Tuesday, January 19, 2010

A bit of brazen self-promotion (well it is my birthday!)

First for UNICEF, then for Aldeia Nova, Eran has been in and out of Angola since 2001. I joined him in 2004 and lived and worked with him there for 2 1/2 years. If we had any agenda at all in the writing of this book, it was to avoid a dry re-telling of Angola's troubled history, or to over-indulge in a depiction of our own experiences there, or to dwell on the poverty and calamities that excite CNN and Western news sources. What we hoped to do instead was convey something of the lives of Angolans and the life of Angola which, though shaped of course by its history and calamities, exist with a fullness, richness and vitality that neither of these things can ever fully describe or do justice to.

"After the Portuguese’ departure, and even after all the years of civil war, an immovable legacy remained inside the buildings and within the architecture and the aesthetic shapes of towns, cities and villages.

For every living Portuguese body that fled before the civil war, and for every Angolan body that fled during it, there remains a stone-dry shell of a house, parched and indignant, with a longevity the flesh and breath that the colonizers could never compete with, even though, between them and the Angolans, it was they who designed and built them.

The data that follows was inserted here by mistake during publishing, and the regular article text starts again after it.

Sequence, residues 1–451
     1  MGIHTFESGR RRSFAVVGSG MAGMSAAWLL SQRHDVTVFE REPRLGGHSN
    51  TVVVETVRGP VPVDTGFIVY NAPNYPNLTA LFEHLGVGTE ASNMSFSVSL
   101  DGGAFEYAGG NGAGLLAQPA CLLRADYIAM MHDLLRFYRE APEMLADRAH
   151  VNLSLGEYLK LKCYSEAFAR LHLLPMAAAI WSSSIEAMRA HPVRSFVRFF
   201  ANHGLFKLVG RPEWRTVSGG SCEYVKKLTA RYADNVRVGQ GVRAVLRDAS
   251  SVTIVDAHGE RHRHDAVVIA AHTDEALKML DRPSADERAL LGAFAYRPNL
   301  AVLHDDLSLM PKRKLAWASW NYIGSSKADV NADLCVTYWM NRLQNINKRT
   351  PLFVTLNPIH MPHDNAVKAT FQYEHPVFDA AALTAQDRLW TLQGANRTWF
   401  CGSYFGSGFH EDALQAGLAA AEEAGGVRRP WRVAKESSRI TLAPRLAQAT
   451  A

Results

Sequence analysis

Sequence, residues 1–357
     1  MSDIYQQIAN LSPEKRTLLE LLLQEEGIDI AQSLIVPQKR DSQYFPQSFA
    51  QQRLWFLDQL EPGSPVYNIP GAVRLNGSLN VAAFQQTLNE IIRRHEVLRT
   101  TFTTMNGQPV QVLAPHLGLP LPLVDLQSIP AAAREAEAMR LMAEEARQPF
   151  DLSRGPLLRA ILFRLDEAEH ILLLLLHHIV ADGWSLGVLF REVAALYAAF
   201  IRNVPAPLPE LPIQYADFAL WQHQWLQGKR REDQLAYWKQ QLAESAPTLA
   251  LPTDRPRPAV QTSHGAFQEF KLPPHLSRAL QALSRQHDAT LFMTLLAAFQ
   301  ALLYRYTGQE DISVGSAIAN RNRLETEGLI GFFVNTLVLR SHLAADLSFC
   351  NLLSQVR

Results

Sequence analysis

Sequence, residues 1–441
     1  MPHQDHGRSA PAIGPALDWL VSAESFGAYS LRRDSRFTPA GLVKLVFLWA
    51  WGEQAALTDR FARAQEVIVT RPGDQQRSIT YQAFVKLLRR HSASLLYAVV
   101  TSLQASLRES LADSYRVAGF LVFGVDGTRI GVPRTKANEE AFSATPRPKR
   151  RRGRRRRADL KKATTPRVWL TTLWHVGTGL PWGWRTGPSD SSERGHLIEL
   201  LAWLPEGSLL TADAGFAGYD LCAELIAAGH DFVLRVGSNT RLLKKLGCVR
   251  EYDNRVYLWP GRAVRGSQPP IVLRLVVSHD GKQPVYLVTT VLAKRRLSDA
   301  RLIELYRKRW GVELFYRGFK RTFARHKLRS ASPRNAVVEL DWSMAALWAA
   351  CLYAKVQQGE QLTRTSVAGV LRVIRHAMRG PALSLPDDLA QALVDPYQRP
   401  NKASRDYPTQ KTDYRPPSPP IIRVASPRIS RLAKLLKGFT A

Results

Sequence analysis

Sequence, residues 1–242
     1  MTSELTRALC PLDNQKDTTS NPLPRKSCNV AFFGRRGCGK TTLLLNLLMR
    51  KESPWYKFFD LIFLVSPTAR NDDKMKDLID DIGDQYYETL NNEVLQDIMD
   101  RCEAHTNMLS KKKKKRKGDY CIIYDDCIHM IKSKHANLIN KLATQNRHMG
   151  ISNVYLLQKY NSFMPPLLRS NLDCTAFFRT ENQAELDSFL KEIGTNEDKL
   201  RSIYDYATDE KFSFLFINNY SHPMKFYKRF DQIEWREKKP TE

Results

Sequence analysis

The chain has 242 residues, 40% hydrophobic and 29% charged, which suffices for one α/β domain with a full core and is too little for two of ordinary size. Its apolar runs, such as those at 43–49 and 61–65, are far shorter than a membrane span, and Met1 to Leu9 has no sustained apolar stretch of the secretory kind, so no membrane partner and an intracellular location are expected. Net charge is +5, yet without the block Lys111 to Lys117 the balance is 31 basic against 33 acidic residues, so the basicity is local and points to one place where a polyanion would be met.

Defiant, the gravestones around the houses and churches marking the bodies that never made it out of the country, seem as if they are clinging to what they once had but have lost, settling for the little piece of almost-eternity they have managed to hold onto.

In the eerie quiet, in the rustle of draughts and shifting shadows of the empty or re-occupied shells of the houses, it is almost as if, through the memories - or spirits - contained within them, those buildings are speaking for themselves."

"A few years before the ubiquitous transition to digital photography took place, four baby girls were born, only weeks apart, in a place called Cela, a district which, although it has its own centre, incorporates Wako-Kungo. The world these babies were born into would have been bullet-ridden and war-weary, with villages cut off and soldiers gradually returning to their homes from the bush. These four girls were born beneath a heavy sky. During the rainy season, the trees in the forests around their homes bowed and swayed beneath the weight of it.

All through the war’s finale storms raged: thunderous rain showers punished the earth, launching electric staffs into the ground and exploding the mud into dust, while the valleys around them defiantly blazed with gunfire.

But then summer broke through the rains and when the last drops settled in the crevices of large leaves and burst over the banks of rivers, flooding the land on both sides, and the lightening withdrew, and the heavy clouds parted letting thin, breathy, blue skies through, the war finally died. Somewhere overhead, through these deceptively serene skies, an aeroplane that was destined never to land wrote its goodbye message in its vapour trail, and when it crashed it took the war with it."

(Waterstones, Blackwell's, Amazon and Sylph Editions)

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